Sumter reading interventionist 'fills the gap' in multiple ways

Teacher helps students reach grade level

BY BRUCE MILLS
bruce@theitem.com
Posted 2/18/18

Sometimes with a job change, you can find a perfect fit.

Sumter School District teacher Ureka Hilton has found that as a reading interventionist at Rafting Creek Elementary School in Rembert.

A Sumter native and Morris College graduate, Hilton …

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Sumter reading interventionist 'fills the gap' in multiple ways

Teacher helps students reach grade level

Posted

Sometimes with a job change, you can find a perfect fit.

Sumter School District teacher Ureka Hilton has found that as a reading interventionist at Rafting Creek Elementary School in Rembert.

A Sumter native and Morris College graduate, Hilton taught fourth- and fifth-grade English/language arts for 15 years at Pocalla Springs Elementary School before making the move to Rafting Creek three years ago.

As a reading interventionist teacher, Hilton said she tries to "fill in the gap" for students to get them up to grade level in reading. She works with 32 students in third through fifth grades at the school who are below their grade level in reading. That's about 40 percent of all the students in grades 3-5 at the rural school in the northern part of the county.

The job allows her to work more one on one with students and understand their needs in reading and writing, she said. The position also allows her to interact more with the students' parents.

With her energetic and engaging personality and self-described "passion" for teaching, Hilton recently launched three new educational projects at the school - all without the use of any school or district money.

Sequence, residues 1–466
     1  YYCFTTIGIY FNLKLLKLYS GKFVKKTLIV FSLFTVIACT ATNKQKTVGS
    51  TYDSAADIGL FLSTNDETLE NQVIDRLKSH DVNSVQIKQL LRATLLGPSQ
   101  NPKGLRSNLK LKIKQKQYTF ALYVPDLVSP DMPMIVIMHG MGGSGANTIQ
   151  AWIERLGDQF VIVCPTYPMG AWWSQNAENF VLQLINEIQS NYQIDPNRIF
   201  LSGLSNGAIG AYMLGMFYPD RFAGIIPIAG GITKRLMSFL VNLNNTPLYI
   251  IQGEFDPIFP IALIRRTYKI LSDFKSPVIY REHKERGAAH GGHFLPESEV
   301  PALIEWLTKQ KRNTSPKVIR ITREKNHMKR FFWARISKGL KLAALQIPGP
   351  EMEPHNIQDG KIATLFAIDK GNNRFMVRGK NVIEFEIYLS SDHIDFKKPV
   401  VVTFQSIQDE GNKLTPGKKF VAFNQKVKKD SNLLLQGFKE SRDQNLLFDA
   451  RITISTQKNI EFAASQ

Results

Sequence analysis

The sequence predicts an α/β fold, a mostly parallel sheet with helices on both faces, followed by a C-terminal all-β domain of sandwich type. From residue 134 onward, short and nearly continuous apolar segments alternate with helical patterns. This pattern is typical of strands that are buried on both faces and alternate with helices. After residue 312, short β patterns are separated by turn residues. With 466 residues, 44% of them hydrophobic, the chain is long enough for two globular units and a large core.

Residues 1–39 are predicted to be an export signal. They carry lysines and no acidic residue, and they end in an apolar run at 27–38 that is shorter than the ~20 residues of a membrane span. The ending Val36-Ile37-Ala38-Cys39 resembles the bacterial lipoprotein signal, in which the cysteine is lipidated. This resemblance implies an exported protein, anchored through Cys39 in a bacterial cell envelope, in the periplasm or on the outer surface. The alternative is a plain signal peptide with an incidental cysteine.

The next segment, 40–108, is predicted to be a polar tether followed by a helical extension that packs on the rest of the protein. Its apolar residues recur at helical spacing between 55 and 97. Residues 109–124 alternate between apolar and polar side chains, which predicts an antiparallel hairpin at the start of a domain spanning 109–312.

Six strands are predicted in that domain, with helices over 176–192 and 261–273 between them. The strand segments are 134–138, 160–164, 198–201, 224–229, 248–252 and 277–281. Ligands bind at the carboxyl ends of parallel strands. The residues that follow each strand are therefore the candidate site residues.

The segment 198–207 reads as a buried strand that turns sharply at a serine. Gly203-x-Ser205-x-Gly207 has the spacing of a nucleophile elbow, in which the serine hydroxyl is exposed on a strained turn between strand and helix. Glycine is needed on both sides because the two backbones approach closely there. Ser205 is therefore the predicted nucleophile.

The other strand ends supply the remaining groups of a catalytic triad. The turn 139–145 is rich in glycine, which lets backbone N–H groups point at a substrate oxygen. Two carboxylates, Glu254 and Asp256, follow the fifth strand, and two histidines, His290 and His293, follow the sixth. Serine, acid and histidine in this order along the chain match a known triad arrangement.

The first two involved getting new books at the school, covering various aspects of character education for the students and class-specific topics such as grammar.

With the second project - Check It Out - when parents come into the school, Hilton said, they can check out new books from the library on concepts that teachers are actually teaching in the classroom and then review them at home with their kids.

"For example, the books on grammar provide concrete examples that parents can work with their children on at home," Hilton said.

Her creative, outside-the-box method to get all the projects funded was through a national website, DonorsChoose.org, where teachers from across the country post educational projects and anyone anywhere can donate toward them.

The first book project on character education for students was completely funded by an individual out of Boston, Massachusetts, Hilton said. For Check It Out, she said she had donors from New York, Illinois, Georgia and South Carolina.

When winter break started, Hilton posted all three projects to DonorsChoose.org. In early January, she said her principal, Jennifer Howard, got a phone call from a Donors Choose representative saying all three had been fully funded.

The third project targeted parental engagement with better communication to them by the use of a color printer, postcards and a binding machine at the school. All three projects were about $500 each, Hilton said.

Hilton said she thinks parental involvement is a critical need at Rafting Creek.

"We need the parents, absolutely we need them," Hilton said.

Hilton was also recently selected for the state Department of Education's Foundations in School Leadership program. The program, which has 90 entrants this year, including four from Sumter School District, provides foundations in leadership that can assist teachers in the transition to administrative positions in the future, according to district staff.

In her 18th year in public education, Hilton said, eventually she would like to move into an administrative position, either at a school or the district level.